Nintendo saw re-releases of older games in the series remade for DS with stellar sales. Realizing the potential of Nintendo’s powerhouse handheld, development for the new game in the main series, Dragon Quest 9: Sentinels of Starry Skies, would be for the DS only, leaving console owners scratching their heads. The only game in the series to get a full version for the handheld, Dragon Quest 9 seemed like the death nail for the hopes of home console owners. Most fans gave up on expectations for a home version of the next game in North America, but announcements for Dragon Quest X for the Wii in Japan reignited the spark, and fingers were crossed on any news for the Western version, which never came.
It seemed like Square Enix forgot about North America, and the MMO version of Dragon Quest was confirmed to be a Japan exclusive. Many petitions and sites sprung up with many fans banding together to let SE know we still wanted the full Dragon Quest experience, but fell on deaf ears. To this day North America has not received a home version for the main series, and most gave up on any hopes for the future. The seventh generation of Consoles was ignored in the west, but some good news surfaced for the eighth generation with an english release of DRagon Quest Heroes for the PS4 and PS3. Dragon Quest XI was also announced for the PS4, but no news on translation to English. Dragon Quest Heroes sold well enough to warrant development of the sequel in Japan, but still no word on if XI will make it’s way across the pond.
Dragon quest is still referred to as the "genesis" of console RPG’s. It’s steady popularity speaks volumes to the cultural impact the series has produced. In Japan, Dragon Quest has become the unofficial video game mascot for the country. Promotional tie in’s from Dehumidifiers to Dragon Quest versions of Toyota vehicles show the strength of the series in Japan, and we can only hope that one day the popularity will transfer over seas.
Until that time, Dragon Quest will continue to inspire future generations through it’s cult like following, and has earned the respect of video game enthusiasts world wide.
Hello Cartridge Club!! Yes I am still alive!! Unfortunately my old computer is not, thank you Microsoft!! With technical difficulties and being on the road every week with my new job, I have not had much time to enjoy the things I love, one of those things is contributing to this great community! This past weekend was the Barrie Game Exchange, I had two vendor tables to get rid of doubles and games I just don't play anymore. At the event I had the extreme pleasure of meeting some fellow members of the Cartridge Club to whom I say thank you for your kind words, and I look forward to meeting again!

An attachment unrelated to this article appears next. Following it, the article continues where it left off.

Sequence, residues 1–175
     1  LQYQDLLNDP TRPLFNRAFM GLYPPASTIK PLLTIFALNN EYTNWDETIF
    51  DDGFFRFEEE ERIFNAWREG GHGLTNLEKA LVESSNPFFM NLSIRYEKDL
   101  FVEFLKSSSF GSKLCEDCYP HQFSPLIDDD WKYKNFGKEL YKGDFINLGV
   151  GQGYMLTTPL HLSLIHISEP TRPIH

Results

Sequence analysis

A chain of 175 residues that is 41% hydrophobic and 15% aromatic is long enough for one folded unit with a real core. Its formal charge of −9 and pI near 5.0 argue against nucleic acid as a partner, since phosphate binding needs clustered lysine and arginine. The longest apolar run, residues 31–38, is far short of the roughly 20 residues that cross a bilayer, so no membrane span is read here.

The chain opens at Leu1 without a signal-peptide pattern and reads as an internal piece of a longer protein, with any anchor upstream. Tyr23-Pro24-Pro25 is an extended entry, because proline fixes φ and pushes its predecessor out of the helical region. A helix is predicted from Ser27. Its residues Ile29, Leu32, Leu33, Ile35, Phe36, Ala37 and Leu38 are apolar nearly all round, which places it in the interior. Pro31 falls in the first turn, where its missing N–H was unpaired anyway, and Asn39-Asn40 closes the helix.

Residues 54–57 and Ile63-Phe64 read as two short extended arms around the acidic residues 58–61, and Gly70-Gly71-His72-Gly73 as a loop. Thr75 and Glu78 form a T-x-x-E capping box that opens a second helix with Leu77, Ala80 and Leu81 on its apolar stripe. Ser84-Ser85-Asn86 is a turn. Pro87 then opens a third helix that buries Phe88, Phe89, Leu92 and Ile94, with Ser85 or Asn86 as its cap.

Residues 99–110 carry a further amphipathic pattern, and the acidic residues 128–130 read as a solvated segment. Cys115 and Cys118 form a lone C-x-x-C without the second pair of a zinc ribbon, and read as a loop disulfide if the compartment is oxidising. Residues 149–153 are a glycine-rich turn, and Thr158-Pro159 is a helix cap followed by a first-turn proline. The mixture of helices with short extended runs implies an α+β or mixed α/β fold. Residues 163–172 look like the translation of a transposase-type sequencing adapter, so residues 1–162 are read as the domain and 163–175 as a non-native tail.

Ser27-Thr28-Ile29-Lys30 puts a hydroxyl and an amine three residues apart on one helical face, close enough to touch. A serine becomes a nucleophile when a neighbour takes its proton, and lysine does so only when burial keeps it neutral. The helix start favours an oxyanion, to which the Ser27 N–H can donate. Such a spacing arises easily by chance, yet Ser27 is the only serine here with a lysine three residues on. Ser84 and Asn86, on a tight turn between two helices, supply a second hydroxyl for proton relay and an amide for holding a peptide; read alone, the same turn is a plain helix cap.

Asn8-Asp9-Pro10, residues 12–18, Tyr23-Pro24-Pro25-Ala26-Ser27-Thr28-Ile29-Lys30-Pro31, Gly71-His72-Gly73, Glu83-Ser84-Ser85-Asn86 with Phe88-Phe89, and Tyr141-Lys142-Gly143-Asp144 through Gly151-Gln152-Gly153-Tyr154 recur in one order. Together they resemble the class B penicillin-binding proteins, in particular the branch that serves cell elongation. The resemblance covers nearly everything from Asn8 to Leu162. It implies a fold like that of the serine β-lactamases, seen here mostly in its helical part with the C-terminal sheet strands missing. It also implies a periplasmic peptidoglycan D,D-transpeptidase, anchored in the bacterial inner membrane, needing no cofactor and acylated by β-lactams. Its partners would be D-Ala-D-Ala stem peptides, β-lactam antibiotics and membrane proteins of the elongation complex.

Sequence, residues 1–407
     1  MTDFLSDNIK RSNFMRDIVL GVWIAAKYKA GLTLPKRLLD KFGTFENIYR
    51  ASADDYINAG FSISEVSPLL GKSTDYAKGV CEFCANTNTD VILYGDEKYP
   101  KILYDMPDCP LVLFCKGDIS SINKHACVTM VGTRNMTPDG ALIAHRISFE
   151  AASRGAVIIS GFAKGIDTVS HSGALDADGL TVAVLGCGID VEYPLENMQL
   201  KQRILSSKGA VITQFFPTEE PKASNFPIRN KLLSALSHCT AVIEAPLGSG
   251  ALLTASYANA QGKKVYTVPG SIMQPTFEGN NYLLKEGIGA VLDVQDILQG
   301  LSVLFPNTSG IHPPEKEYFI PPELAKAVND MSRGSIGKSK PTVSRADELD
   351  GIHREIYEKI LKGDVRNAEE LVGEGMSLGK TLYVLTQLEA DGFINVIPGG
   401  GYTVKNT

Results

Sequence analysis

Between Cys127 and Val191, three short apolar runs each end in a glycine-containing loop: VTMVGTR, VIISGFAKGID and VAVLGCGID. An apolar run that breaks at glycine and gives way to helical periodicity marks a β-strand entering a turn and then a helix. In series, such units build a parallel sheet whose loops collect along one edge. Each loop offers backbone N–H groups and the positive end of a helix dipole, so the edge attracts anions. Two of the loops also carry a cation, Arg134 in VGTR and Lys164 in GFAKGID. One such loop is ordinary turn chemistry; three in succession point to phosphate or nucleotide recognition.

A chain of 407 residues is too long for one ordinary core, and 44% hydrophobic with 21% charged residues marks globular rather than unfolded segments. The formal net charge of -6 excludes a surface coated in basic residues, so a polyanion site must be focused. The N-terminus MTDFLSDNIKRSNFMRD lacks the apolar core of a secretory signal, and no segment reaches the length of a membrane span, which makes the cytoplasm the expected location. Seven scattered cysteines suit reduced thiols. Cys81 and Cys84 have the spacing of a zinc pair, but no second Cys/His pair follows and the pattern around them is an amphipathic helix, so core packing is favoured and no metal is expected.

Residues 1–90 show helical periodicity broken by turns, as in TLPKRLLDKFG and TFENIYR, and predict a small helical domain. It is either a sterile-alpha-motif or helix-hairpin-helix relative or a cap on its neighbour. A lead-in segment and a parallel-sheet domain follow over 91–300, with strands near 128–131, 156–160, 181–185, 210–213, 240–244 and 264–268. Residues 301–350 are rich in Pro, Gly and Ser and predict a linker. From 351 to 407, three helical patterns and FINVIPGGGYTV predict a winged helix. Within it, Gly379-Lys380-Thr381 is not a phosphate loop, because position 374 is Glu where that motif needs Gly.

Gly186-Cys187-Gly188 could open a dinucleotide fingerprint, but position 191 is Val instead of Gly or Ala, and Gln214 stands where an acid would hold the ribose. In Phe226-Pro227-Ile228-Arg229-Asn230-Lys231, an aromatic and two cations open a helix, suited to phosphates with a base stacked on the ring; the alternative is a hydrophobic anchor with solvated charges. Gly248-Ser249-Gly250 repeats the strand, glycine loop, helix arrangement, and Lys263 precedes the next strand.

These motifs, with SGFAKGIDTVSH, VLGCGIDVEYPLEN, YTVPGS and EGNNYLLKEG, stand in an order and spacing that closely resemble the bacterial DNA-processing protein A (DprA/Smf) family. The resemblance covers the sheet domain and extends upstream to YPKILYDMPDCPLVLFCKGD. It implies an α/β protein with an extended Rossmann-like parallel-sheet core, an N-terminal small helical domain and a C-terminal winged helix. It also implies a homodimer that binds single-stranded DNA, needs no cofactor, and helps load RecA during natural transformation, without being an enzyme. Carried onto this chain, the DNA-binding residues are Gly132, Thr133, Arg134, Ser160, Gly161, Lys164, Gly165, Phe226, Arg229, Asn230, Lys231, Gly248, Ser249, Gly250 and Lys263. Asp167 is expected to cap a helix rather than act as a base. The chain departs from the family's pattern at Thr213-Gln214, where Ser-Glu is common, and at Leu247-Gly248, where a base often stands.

It may be two months late, but I hope you enjoy my speed drawing for the game of the month (cough cough..for January..lol), since I am settled in at my job and my computer decides to co operate there will be much more to enjoy soon!
Please feel free to comment, bash me or just debate Donald Trump's relevance.
The day I heard that the PS4 would receive the first console Dragon Quest game since the PS2’s Dragon Quest 8, I was ecstatic. ( I refuse to acknowledge Dragon Quest:Swords on the Wii) The Dragon Quest games have an odd relationship with the west, like most Japanese role playing games, it has been misunderstood. The announcement I was hoping for was at least a PS4 port of Dragon Quest 10, released on Nintendo's Wii in 2012, but was a little disappointed to discover it would be an action game instead of the RPG I wanted. The title was Dragon Quest Heroes and it's not a step in the right direction for hardcore fans.
As a stand alone game, Dragon Quest Heroes is actually very entertaining. Basically a Dynasty Warriors type game of constant hack and slash with Dragon Quest characters, it adds some light RPG elements by leveling up your character's armour and weapons. You can also assign skill points to each character which is very cool. Nintendo did it earlier with Zelda releasing Hyrule Warriors to moderate success. It was a fun game...but felt like a game in between the game we are really waiting for...as does DQH. With about 40 hours of gameplay, Dragon Quest Heroes is a nod to fans with the inclusion of characters from past games, hardcore's get a small taste of the Dragon Quest characters, costumes and music we have come to love over the years. It’s not enough.